Celltrion expects Covid variants to fuel global treatments growth

South Korean biopharmaceuticals group Celltrion is betting that new variants of Covid-19 will fuel growth in the US and Europe for treatments of the disease, even as these markets vaccinate their populations.

The company expects its new Covid-19 antibody treatment to generate up to Won1.5tn ($1.3bn) of annual sales after animal tests showed it is effective against rapidly spreading coronavirus variants.

Celltrion is the only Asian developer of antiviral treatments for Covid-19 alongside Regeneron, Eli Lilly and GlaxoSmithKline, to have received the European Medicines Agency’s equivalent of emergency approval.

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Kee Woo-sung, Celltrion’s chief executive, told the Financial Times that there was a huge market for treatments such as those used to bolster the immune systems of patients struggling to mount their own response to the disease.

“The market for Covid-19 vaccines is bigger than that of treatment, but there is a large enough market for treatment producers because production facilities are limited relative to growing demand,” Kee said.

“It is only a matter of time before we will see a flood of orders for our treatment because Regeneron has no room to ramp up production, while Lilly has admitted problems with its treatment in tackling variants.”

Celltrion developed South Korea’s first homegrown Covid treatment CT-P59, which it last month said significantly reduced the risk of hospitalisation or death by 70 per cent in patients and cut the recovery period by nearly five days in Phase 3 global clinical trials.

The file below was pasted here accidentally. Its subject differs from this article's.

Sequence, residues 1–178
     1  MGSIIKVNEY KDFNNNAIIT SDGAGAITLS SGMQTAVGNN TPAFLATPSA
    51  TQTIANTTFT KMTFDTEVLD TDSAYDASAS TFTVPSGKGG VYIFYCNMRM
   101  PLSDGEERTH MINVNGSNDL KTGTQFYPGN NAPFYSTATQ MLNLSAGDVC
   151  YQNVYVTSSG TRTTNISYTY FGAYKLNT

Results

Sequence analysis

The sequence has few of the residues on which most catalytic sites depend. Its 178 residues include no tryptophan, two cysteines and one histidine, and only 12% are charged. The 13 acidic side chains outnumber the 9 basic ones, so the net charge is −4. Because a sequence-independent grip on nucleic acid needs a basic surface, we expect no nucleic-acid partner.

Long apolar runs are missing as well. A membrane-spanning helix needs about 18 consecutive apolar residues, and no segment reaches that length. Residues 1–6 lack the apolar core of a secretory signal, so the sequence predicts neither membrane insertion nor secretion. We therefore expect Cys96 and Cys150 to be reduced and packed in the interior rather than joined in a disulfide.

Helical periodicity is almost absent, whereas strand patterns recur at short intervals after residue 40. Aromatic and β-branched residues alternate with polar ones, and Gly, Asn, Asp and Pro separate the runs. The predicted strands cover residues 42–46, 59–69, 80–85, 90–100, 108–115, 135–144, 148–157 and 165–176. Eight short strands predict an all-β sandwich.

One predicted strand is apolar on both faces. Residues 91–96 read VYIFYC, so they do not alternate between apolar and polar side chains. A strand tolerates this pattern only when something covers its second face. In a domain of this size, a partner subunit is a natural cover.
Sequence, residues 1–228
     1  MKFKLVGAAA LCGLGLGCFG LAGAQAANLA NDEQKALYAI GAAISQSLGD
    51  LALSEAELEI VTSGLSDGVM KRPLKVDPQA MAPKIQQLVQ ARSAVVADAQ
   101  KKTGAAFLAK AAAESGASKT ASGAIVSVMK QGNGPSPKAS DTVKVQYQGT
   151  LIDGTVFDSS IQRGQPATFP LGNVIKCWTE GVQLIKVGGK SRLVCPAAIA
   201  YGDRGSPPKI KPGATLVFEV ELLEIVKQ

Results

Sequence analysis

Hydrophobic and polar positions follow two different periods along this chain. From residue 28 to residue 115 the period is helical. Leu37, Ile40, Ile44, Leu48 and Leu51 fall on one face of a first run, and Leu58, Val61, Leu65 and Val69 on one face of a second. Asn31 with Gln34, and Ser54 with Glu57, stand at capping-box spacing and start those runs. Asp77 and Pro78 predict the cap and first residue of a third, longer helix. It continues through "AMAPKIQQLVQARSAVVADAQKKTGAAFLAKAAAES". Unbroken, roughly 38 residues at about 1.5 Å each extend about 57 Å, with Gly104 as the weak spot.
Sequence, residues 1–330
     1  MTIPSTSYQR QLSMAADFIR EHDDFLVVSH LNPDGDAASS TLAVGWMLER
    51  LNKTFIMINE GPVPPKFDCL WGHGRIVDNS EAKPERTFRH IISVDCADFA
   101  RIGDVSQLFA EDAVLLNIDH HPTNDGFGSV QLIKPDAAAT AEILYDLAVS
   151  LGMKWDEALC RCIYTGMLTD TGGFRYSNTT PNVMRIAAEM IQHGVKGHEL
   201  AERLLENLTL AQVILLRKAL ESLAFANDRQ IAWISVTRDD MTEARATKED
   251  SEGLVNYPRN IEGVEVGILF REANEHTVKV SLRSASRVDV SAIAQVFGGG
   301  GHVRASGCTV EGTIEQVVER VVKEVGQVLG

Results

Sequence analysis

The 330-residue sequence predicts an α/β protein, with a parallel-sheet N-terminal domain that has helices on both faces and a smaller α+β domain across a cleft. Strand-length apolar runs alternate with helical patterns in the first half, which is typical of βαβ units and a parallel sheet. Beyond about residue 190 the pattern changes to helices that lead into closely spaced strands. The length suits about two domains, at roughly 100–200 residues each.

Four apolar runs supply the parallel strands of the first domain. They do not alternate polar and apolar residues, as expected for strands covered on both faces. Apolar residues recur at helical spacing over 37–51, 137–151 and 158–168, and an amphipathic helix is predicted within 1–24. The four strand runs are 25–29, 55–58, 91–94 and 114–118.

It won conditional approval for CT-P59 for emergency use from Korean health authorities in February and has administered it to 6,000 patients in the country. It has signed a contract with Pakistan to supply treatments for 100,000 people.

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It has also won emergency-use authorisation from the EMA and is in talks with several European countries to export the treatment as soon as final EMA approval is given, which Celltrion expects to get in August. It is also seeking approval from the US Food and Drug Administration.

“The most difficult thing about developing treatments is how to respond to variants,” said Kee. “But animal tests have shown that our treatment is effective in tackling most variants.”

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Celltrion plans to later this month announce animal test results on the highly infectious Delta variant first discovered in India. The company is targeting the US and Europe, which account for about 70 per cent of the global market for antibody treatments. Such treatments are costly and tricky to administer, being an infusion, not a pill.

Celltrion is also studying developing Covid-19 vaccines. However, the group has been targeted by short sellers in Korea due to concerns over biotech share valuations. The company’s operating profit rose 88 per cent to Won712bn in its 2020 financial year.

Some analysts said the Won1.5tn sales target seemed “too bullish” given that Celltrion’s likely entry to the US market next year means it will be playing catch-up with Regeneron and Lilly.

Lee Dong-geon, an analyst at Shinhan Investment expects Celltrion to grab 15 per cent of the US market for Covid-19 antibody treatments and 25 per cent in Europe, as the company will probably sell its treatment at a 30-50 per cent discount to its rivals.

“The number of Covid patients is bound to fall next year as countries speed up vaccinations,” he said. “Being a latecomer with relatively weak brand power and no sales experience in the US, it won’t be easy to steal a march on its US rivals.”

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